A CLASSIC FROM THE BESTSELLING AUTHOR OF UNDER MAGNOLIA
Frances Mayes—widely published poet, gourmet cook, and travel writer—opens the door to a wondrous new world when she buys and restores an abandoned villa in the spectacular Tuscan countryside. In evocative language, she brings the reader along as she discovers the beauty and simplicity of life in Italy. Mayes also creates dozens of delicious seasonal recipes from her traditional kitchen and simple garden, all of which she includes in the book. Doing for Tuscany what M.F.K. Fisher and Peter Mayle did for Provence, Mayes writes about the tastes and pleasures of a foreign country with gusto and passion.
About the Author
Frances Mayes is the author of four books about Tuscany. The now-classic Under the Tuscan Sun–which was a New York Times bestseller for more than two and a half years and became a Touchstone movie starring Diane Lane–was followed by Bella Tuscany and two illustrated books, In Tuscany and Bringing Tuscany Home. Mayes is also the author of the novel, Swan, six books of poetry, most recently Ex Voto, and The Discovery of Poetry. A frequent contributor to food and travel publications, she divides her time between North Carolina and Cortona, Italy.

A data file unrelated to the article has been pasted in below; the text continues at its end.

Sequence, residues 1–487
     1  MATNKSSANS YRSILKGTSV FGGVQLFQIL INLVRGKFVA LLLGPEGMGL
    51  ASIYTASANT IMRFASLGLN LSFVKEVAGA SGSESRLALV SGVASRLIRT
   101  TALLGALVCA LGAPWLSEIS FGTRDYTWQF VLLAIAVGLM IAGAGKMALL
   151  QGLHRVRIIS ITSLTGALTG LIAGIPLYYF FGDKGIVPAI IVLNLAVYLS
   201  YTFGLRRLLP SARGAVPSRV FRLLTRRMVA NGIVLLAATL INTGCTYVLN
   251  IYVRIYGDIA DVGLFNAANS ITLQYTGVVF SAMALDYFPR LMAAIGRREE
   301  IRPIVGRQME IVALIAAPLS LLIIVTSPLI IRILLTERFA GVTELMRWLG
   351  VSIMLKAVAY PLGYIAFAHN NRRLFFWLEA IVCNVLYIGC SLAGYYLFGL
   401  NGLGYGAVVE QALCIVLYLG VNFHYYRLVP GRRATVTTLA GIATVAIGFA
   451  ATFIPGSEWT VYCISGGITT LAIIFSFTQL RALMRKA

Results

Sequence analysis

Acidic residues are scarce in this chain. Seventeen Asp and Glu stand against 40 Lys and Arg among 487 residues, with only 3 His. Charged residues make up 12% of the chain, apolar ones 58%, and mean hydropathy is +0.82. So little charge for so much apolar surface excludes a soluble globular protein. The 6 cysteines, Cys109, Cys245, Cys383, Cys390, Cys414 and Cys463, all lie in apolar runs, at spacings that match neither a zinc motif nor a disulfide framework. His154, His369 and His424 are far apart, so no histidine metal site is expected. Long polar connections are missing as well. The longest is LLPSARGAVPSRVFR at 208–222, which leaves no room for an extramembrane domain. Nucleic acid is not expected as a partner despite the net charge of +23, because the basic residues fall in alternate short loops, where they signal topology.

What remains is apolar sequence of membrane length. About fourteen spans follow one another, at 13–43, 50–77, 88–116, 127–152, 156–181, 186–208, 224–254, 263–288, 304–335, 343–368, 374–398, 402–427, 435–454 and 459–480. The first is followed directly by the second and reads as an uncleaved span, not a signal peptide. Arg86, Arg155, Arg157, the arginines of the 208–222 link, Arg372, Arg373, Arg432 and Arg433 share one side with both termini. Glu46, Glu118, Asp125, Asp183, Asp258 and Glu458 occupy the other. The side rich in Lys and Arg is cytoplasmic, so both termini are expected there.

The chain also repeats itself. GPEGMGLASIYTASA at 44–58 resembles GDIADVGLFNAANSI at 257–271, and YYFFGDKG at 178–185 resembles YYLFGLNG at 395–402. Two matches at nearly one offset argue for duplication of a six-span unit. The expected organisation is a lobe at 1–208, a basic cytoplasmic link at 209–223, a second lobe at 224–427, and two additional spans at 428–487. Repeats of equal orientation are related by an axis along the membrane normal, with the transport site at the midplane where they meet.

Praise for Under the Tuscan Sun…
A New York Times Notable Book of 1997
"This beautifully written memoir about taking chances, living in Italy. loving a house and, always, the pleasures of food, would make a perfect gift for a loved one. But it's so delicious, read it first yourself."
"Irresistible...a sensous book for a sensous countryside."
“An intense celebration of what [Mayes] calls ‘the voluptuousness of Italian life’ . . . appealing and very vivid . . . [The] book seems like the kind of thing you’d tuck into a picnic basket on an August day . . . or better yet, keep handy on the bedside table in the depths of January.”
—New York Times Book Review
"Armchair travel at its most enticing."
“Mayes [has] perfect vision. . . . I do not doubt that centuries form now, whoever lives in Bramasole will one day uncover bits of pottery used at Mayes’ table. She has, by the sweat of her brow and the strength of her vision, become a layer in the history of this place.”
--Los Angeles Times